That's not the only relevance, because previously documented past-life memories also play into these literary claims, but let's move on.
Conceivably, Durivage could have coincidentally imitated the "Ethan Spike" character. That wouldn't be so great a coincidence if Mathew had privately told him that he was the author. But there are two problems with that, for our normal explanation. First of all, we would have to concede that there was not only a connection between Durivage and MFW, but a very close connection--because Mathew didn't even tell his brother he was the author of "Ethan Spike." That's a major problem for the normal explanation because there are so many other indications of Mathew's authorship in these stolen works.
There is also little indication that Durivage imitated other authors. Rather, he stole pieces lock, stock and barrel. When he didn't have enough material, or he got greedy, he would slip in his own productions, which really were quite different. If he imitated the genre--I think there is one instance I suspect of this--he did it rather poorly. The sketch in question, called "He Wasn't A Horse Jockey," is precisely in Mathew's style, and is written up to his exacting standards.
So Durivage could have coincidentally imitated "Ethan Spike," creating a similar name. But what are the odds of him also choosing "Stebbins," which is another of Mathew's pet names? I don't know statistics, but I think the chances of both these character names appearing in the same sketch diminish rapidly.
Now, the plot of this story has to do with Major Elnathan Spike being fooled in a horse swap. Take a look at the following anecdote, related by Mathew's brother-in-law, Samuel Pickard, in his book, "Whittier-Land":
I have indicated over and over that Mathew drew upon his own life, even more than most writers, for his material. So if Durivage coincidentally used two of Mathew's pet character names, we would have to add this third coincidence, with the resulting increase in the odds.
But as they say in the ads, "Wait, there's more!" Look at the opening of the story, and note what kind of hat the trickster wears:
I think we are left with the normal theory that Durivage knew Mathew personally--so well, in fact, that Mathew trusted him implicitly, and shared with him not only personal anecdotes of his past, but information about his writing he had not even revealed to his own brother.
But once we cross that barrier, and admit they were socially connected, the gig is up, because all the other clues clearly point to Mathew's authorship of dozens and dozens of pieces which Durivage, a known plagiarist, published--in newspapers that Mathew didn't like--under his own name.
So let's admit defeat for the normal explanation on this one, and having done so, let's back it up, connected dot for connected dot.
If Francis Durivage stole Mathew Franklin Whittier's work, then I have proven (or, essentially proven) a plagiarism which has not been suspected by academicians.
If I have done that, then it stands to reason that my conclusions regarding a number of other such thefts--which I claim to have proven to a similar degree of certainty--are also valid.
If those claims are also valid, then Mathew Franklin Whittier was the real co-author of "A Christmas Carol," the real author of "The Raven," "Some Words With A Mummy," and "Annabel Lee"; the real author of a well-known parody of "The Raven," entitled "The Vulture"; the real author of two poems published in 1844 by Elizabeth Barrett (namely, "Lady Geraldine's Courtship," and "The Lost Bower"); the real author of the star-signed reviews and essays for the 1844-46 New York "Tribune," which scholars have attributed to Margaret Fuller; and the real author (before revisions) of the story that Samuel Clemens read before the gathering at John Greenleaf Whittier's 70th birthday, in Boston.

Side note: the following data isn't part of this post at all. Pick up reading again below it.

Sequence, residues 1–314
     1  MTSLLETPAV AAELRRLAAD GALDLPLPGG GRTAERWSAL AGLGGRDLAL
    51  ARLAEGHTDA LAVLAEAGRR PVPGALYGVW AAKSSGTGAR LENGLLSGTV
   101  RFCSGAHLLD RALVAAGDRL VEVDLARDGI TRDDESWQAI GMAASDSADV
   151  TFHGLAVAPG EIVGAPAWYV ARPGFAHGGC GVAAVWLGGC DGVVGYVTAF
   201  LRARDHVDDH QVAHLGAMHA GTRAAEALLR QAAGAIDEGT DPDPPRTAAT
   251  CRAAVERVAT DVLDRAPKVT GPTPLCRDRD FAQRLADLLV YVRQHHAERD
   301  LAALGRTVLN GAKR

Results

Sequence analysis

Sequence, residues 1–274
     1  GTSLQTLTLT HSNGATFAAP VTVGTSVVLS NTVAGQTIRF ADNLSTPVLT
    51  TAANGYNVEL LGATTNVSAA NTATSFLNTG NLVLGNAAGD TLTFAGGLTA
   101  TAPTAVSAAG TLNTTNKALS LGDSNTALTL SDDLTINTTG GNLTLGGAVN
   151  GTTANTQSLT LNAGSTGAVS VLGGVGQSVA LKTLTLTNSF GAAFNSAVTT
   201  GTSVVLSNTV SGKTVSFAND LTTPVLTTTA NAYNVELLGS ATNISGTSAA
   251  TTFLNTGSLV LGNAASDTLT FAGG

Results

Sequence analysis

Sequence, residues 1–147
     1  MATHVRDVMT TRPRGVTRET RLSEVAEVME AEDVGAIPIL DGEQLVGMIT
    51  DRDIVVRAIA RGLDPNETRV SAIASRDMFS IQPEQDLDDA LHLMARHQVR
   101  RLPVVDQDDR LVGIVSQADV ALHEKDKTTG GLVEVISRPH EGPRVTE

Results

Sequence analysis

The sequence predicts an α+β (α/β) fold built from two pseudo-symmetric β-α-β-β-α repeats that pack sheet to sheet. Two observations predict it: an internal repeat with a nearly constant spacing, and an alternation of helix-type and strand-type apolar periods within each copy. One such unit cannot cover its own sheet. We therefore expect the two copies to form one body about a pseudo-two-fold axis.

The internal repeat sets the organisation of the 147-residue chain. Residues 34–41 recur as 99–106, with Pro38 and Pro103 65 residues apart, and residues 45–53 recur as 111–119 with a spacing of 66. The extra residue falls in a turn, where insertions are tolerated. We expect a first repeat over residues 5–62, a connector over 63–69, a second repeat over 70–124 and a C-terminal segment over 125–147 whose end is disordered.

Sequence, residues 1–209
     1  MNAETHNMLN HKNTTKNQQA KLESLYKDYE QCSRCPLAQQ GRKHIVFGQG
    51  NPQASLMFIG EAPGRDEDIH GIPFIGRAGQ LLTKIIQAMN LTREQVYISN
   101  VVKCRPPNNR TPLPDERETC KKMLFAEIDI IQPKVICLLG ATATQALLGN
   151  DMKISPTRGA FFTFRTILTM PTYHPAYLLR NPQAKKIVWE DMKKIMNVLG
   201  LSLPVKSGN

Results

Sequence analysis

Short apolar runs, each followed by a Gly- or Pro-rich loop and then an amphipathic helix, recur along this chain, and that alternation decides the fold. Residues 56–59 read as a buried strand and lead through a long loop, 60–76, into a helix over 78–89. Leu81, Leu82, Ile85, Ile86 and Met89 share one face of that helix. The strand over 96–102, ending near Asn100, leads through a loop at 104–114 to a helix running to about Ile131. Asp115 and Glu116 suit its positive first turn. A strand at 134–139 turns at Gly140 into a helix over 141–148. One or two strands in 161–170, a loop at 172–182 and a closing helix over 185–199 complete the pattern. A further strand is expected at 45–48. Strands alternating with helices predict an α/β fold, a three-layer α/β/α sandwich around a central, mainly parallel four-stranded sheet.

If MFW was the original author of these famous works, and if I carefully and methodically proved same with a decade of research, then I am a credible reseacher, despite being entirely outside the pale of academia.
If I am a credible researcher, despite being entirely outside the pale of academia, then in all likelihood I have applied the same rigor to proving that I am the reincarnation of Mathew Franklin Whittier.
If I have applied the same rigor to proving that I am the reincarnation of Mathew Franklin Whittier, and I say that my research results are set forth in two books--one of them 2,400-something pages long, its sequel now, around 440--but nobody will take me seriously enough to read them--then the problem isn't that I am a fruitcake indulging in magical thinking, the problem is individual and societal denial.
If the problem is individual and societal denial, and I can get this information pushed safely into posterity, sooner or later somebody is going to take my work seriously.
If, sooner or later, somebody takes my work seriously, assuming they are prevented from stealing it for themselves and watering it down or short-circuiting it, this is going to cause a major ripple in the world of academia, and probably the rest of the world, as well.
I have made sure that nobody can steal this work and claim it for themselves, because instead of remaining hidden, as I did in the 19th century, I have sacrified any chances I had at normal employment by documenting everything openly, online, in my own name.
That's what we reincarnate for, folks, to get things right.
Music opening this page:
"Another Tricky Day," by The Who,
from the album, "Face Dances"